The price of natural gas just dipped to its lowest level since September 2012, just in time for the coldest months of the year. As the EIA reports, surging production has helped depress prices even as demand spikes during these cold winter months:
In recent weeks, prices have dropped to the lowest levels in more than two years; on December 23, 2014, day-ahead Henry Hub spot prices fell to $2.97/MMBtu, the first time they were below $3/MMBtu in more than two years. Since the end of December, both spot and futures prices have hovered around the $3 mark, and closed at $2.92 and $2.88, respectively, on January 26. Preliminary data sources show increased natural gas production through early winter, with production rebounding quickly from freeze-offs in November and early January.
That’s a boon for Americans looking to heat and power their houses with natural gas, especially for lower-income households for whom those bills constitute a larger relative portion of monthly budgets. That’s certainly welcome news, and even hard-to-please environmentalists will find reason to cheer as cheap natural gas squeezes out much-dirtier coal. Reuters reports:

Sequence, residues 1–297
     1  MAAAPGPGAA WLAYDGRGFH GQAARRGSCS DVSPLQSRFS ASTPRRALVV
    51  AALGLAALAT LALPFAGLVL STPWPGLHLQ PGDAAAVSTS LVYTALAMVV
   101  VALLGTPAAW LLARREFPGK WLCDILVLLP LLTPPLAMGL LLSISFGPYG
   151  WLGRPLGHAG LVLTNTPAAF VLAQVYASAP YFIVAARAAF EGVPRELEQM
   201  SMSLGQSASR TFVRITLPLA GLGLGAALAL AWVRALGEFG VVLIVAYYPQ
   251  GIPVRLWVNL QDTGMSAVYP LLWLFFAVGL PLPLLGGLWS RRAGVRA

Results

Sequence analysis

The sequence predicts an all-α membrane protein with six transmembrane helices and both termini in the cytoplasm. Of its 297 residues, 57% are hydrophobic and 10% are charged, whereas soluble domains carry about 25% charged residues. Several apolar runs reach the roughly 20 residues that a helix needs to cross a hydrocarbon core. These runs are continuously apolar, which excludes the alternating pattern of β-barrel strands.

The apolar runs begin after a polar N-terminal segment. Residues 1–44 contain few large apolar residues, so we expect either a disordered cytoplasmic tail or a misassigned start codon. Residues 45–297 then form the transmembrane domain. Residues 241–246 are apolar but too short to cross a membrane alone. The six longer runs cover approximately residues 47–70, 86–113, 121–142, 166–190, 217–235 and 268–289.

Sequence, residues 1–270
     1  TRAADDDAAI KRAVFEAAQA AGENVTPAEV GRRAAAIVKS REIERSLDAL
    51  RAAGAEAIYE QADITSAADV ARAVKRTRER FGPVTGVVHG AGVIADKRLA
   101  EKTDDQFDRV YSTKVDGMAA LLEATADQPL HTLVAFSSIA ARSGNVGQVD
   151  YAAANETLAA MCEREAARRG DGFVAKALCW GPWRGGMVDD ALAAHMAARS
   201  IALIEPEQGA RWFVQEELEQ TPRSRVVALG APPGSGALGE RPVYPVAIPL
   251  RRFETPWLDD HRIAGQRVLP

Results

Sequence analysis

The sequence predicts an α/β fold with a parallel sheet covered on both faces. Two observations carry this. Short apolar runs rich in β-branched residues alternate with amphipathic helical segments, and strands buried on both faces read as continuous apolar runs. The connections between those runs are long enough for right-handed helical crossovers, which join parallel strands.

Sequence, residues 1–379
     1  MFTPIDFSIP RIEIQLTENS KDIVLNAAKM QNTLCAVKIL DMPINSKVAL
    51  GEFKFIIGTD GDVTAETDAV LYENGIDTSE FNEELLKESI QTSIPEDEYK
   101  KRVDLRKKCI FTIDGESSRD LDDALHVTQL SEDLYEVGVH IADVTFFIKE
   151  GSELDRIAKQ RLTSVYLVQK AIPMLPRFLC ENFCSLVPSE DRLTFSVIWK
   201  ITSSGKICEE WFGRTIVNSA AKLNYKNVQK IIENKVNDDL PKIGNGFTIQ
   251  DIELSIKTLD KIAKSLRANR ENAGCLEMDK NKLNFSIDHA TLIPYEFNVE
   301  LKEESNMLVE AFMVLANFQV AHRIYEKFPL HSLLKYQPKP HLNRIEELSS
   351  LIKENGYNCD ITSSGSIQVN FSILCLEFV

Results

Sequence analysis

Coal miner Peabody Energy Corp slashed its quarterly dividend as it strives to rein in costs amid tepid demand, due to expectations that prices of natural gas, a cheaper alternative to steam coal, would remain weak in 2015…Natural gas prices fell by nearly a quarter to $3.36 per million British thermal units (MMBtu) in 2014, while coal futures have fallen to their lowest since 2009.
We’ve said it before and we’ll say it again: to the extent that it displaces much heavier-polluting coal, shale gas is fracking green. When Americans adjust their thermostats to stay warm and toasty this winter, they’ll be paying and polluting less, all thanks to fracking. Hail shale!